What is the Coast Guard Up To?

By Andrew C. Jarocki

A Coast Guard helicopter during a 2007 training exercise with South Korea
Image Credit: USCG HQ/DVIDS

Whether it be rescuing stranded swimmers in New Jersey or intercepting drug smugglers in Puerto Rico, most Americans associate the United States Coast Guard with crucial missions close to the homeland. 

However, the “Coasties” are increasingly operating far from American shorelines. The variety of Guard missions just this year should raise eyebrows even among the biggest boosters of America’s “water cops.”

In February, the USCG Cutter Stone deployed to the south Atlantic for Operation Southern Cross. Claiming that illegal fishing has “replaced piracy as the leading global maritime security threat,” the Coast Guard collaborated with several South American navies to prevent it. 

According to SOUTHCOM, this was “the Coast Guard’s first patrol to the South Atlantic in recent memory, engaging partners including Guyana, Brazil, Uruguay, Argentina, and Portugal.”

Just a few months later, the Coast Guard played a headline-grabbing role in a standoff with Iranian forces. USCG Cutter Maui fired approximately 30 “warning shots” at an Iranian Revolutionary Guard Corps fast boat while accompanying American Navy ships in the Strait of Hormuz. 

Most recently, the USCG Cutter Munro passed through the Taiwan Strait during the 8th such transit by American vessels in 2021.

Brazil? Iran? Taiwan? These increasingly exotic missions are quite a contrast to more familiar operations like ice breaking on the Great Lakes.

The Guard has always been a unique creature. Although it is often considered alongside the armed forces, it is actually housed inside the Department of Homeland of Security. As a result, the USCG bills itself at various times as a “law enforcement arm, a military service branch, and a seafaring service.”

It is clear from the pattern of increased deployment to contested waters that the Coast Guard is increasingly leaning into serving as a military force. 

It could very well be that the Guard simply is adapting to new challenges to American maritime security. However, another reading (and more cynical one) is that the Coast Guard is following a proven Pentagon tactic: latching onto “great power competition” as justification for bigger budgets.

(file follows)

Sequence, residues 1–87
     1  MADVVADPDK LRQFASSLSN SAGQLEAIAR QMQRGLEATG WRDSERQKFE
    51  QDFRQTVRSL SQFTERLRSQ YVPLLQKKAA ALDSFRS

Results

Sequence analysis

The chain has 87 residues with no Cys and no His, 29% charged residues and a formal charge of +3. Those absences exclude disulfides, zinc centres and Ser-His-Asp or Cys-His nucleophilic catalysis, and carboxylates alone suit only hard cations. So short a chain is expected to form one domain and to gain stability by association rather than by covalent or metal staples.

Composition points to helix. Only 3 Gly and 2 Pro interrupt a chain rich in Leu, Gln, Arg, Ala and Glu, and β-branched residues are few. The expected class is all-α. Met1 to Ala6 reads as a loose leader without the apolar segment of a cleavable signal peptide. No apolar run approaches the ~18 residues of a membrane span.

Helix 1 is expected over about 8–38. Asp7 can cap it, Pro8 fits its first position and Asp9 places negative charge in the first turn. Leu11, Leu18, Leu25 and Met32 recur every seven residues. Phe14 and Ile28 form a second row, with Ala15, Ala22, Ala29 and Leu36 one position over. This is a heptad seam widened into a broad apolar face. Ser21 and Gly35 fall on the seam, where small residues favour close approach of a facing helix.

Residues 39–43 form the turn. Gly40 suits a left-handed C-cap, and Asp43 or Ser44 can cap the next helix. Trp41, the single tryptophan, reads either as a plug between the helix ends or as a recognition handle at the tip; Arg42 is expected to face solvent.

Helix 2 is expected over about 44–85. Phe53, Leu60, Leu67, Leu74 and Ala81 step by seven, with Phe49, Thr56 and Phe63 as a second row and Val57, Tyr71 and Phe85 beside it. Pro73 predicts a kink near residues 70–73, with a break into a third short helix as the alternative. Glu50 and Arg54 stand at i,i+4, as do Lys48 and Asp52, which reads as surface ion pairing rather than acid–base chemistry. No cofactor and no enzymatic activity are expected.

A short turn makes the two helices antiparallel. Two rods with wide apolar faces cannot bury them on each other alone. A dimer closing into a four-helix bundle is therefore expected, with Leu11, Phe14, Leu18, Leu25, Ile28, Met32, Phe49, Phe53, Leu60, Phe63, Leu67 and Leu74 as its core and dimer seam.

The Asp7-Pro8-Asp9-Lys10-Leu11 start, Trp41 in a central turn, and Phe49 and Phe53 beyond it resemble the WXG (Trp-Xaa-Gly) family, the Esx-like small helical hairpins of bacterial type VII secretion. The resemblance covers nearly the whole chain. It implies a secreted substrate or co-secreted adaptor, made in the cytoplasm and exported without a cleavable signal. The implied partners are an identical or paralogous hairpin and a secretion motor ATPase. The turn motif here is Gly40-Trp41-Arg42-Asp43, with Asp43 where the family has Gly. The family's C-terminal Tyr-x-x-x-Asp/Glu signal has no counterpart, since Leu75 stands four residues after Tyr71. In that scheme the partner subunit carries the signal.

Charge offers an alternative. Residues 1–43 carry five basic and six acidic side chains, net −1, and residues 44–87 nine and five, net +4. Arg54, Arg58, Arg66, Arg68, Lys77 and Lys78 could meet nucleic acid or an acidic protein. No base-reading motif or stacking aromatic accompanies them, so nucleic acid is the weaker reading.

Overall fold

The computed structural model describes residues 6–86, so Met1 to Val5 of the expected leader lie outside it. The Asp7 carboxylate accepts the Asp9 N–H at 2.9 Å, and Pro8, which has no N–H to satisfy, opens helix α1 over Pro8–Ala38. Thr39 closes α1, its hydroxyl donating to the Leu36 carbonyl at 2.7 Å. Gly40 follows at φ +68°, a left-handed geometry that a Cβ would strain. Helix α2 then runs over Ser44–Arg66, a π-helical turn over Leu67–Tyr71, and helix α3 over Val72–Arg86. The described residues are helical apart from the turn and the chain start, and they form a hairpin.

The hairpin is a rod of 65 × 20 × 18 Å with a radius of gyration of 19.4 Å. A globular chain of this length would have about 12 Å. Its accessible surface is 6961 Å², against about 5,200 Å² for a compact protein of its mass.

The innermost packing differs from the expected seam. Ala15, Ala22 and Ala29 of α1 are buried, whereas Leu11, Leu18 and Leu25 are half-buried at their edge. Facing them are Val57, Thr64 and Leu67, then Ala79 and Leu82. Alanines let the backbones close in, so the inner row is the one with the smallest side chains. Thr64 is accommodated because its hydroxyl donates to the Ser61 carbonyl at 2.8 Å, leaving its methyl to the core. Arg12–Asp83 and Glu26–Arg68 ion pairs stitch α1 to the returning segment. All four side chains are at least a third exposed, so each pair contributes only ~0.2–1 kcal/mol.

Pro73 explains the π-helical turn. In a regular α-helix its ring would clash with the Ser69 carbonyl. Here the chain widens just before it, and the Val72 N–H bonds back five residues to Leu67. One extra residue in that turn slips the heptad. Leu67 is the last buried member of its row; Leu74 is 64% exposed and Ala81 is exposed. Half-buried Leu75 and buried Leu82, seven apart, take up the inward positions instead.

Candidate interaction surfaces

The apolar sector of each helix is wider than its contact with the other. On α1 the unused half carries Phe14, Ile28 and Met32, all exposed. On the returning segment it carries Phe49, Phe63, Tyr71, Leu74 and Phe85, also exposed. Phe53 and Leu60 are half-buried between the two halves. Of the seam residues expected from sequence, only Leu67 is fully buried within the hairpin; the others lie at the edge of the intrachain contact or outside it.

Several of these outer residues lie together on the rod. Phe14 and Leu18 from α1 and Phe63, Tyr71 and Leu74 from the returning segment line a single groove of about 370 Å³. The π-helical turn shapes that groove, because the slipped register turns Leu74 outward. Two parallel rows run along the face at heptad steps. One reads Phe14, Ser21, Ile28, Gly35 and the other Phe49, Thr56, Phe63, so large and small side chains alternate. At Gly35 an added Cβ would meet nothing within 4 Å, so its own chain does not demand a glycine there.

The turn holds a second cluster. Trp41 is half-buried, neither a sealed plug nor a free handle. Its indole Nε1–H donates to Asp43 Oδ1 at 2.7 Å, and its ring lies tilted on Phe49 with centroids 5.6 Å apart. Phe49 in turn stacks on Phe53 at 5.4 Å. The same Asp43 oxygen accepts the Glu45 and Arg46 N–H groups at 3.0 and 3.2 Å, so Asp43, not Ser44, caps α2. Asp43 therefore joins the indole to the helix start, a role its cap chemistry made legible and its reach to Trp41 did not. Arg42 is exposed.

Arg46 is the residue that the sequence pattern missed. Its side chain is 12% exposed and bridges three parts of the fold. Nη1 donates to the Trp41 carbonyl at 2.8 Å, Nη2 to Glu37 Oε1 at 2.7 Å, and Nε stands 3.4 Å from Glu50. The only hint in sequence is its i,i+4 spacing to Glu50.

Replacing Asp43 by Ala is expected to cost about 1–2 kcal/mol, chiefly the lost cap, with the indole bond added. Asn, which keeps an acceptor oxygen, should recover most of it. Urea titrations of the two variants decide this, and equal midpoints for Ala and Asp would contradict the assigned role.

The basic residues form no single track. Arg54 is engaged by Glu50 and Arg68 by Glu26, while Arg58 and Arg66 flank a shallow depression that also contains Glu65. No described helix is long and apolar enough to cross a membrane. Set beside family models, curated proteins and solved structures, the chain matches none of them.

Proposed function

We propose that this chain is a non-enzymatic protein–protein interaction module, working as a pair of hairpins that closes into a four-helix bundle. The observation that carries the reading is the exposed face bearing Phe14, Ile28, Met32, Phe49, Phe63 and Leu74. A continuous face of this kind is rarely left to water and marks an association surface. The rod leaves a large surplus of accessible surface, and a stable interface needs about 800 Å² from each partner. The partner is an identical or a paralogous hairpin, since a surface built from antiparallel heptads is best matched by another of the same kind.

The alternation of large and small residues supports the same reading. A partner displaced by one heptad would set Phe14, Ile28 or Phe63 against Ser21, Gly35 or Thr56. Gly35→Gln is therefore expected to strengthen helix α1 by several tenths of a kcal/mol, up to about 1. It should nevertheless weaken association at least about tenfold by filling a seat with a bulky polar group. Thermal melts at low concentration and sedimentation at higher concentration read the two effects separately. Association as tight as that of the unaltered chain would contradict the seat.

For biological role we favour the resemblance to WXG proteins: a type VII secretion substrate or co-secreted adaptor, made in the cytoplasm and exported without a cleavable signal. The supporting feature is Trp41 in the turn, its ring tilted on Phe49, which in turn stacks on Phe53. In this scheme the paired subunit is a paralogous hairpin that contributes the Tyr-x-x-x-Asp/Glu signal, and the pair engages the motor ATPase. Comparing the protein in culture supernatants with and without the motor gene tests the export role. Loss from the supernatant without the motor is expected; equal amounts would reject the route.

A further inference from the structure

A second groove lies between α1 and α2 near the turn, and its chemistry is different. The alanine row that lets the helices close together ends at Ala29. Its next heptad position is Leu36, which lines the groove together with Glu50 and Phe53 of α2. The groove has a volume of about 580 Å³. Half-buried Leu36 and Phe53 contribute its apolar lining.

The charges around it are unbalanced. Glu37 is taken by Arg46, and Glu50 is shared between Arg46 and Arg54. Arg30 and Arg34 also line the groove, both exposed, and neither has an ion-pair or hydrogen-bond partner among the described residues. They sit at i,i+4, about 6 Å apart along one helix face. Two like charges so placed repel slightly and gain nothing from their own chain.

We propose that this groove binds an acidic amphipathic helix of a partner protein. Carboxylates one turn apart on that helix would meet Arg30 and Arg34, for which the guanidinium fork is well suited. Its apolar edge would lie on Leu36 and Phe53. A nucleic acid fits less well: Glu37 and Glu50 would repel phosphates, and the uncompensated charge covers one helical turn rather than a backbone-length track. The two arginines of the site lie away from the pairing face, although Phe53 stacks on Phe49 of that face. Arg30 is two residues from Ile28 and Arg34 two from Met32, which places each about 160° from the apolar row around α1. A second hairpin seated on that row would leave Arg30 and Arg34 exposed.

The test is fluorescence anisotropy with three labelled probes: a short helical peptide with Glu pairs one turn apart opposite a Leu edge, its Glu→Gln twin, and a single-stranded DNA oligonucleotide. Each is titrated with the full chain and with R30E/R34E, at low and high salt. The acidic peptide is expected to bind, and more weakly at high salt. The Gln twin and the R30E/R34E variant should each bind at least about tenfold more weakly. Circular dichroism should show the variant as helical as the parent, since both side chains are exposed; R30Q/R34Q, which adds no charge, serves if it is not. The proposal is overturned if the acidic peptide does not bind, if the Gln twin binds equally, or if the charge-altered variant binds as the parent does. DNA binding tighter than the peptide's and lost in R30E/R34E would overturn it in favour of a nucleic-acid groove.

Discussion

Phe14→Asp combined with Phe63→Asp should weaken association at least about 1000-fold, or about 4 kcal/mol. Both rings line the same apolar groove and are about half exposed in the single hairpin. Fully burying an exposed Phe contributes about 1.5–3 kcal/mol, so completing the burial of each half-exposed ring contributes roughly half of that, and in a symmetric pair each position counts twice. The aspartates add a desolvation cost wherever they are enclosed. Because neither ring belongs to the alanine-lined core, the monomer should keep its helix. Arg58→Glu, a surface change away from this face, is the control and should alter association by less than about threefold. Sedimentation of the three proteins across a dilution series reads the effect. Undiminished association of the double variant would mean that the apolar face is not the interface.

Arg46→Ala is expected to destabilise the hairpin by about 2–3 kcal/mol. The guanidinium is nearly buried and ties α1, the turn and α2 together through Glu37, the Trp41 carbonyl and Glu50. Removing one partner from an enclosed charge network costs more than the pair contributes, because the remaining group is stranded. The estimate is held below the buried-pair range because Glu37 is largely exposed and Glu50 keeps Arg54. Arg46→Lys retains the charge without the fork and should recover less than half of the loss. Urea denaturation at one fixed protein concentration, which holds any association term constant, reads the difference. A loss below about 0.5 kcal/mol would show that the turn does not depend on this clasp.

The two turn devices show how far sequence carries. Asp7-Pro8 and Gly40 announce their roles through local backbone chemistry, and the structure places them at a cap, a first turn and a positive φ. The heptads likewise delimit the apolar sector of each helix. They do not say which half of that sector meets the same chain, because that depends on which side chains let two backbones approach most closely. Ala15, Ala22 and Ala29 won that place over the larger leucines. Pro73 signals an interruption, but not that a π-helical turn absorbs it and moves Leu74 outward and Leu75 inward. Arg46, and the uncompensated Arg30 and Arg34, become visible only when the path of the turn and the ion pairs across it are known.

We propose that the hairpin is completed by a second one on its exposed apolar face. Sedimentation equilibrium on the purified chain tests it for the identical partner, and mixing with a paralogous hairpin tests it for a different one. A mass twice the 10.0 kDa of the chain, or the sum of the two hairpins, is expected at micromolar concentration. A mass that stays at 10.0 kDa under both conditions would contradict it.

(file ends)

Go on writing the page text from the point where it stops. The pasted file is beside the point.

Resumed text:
Mission creep and threat inflation to justify it are tendencies that Congress must constantly remain vigilant for in all facets of American foreign policy. It seems more than coincidental that arguments like “the Coast Guard is vital for defending Taiwan from China” are surfacing just as the USCG begs for a just a little “booster shot of sorts, about $900 million to $1 billion dollars.” 

It is understandable why the Guard is eager to take on more missions that make it relevant to conversations of national security priorities with broad consensus, like China.  

Congressional advocates declare China should inspire a “sense of urgency” for investing in the Navy, while the Air Force requests $161 million for new long-range weapons that are “better suited for operations in the Pacific.”

The Army continues to struggle with creating a strong case for how it contributes to “enhancing [the] deterrent posture in the Indo-Pacific,” and as a result the service’s budget has remained flat compared to its competition for dollars.

To be fair, the Coast Guard does have a case for expanded capabilities in some contexts. As changing Arctic conditions increasingly result in more American shipping, fishing and mineral development, investment in more than a single heavy icebreaker will seem increasingly reasonable.

However, Congress should ask tough oversight questions of new missions and be wary of lazy hand waving towards China or Iran as a reason to increase capabilities. When American defense spending already surpasses the next ten closest nations combined, older programs and other services’ funds should be repurposed before any “booster shots” of billions are given out.

To paraphrase John Quincy Adams, there will always be maritime monsters America could go abroad to destroy. Whether it be illegal fishers, Iranian speedboats or Chinese aggressors, there are plenty of bad actors beyond America’s borders and exclusive economic zones.  

However, Congress should push the Coast Guard and all military branches to clearly and persuasively explain how their many missions truly enhance the national security of the United States before entrusting them with more taxpayer dollars to take on every bad guy everywhere. 

Andrew C. Jarocki is the Editor-in-Chief for the Realist Review. A graduate of the University of Notre Dame, he has written for Defense News, Federal Times and C4ISRNet. 






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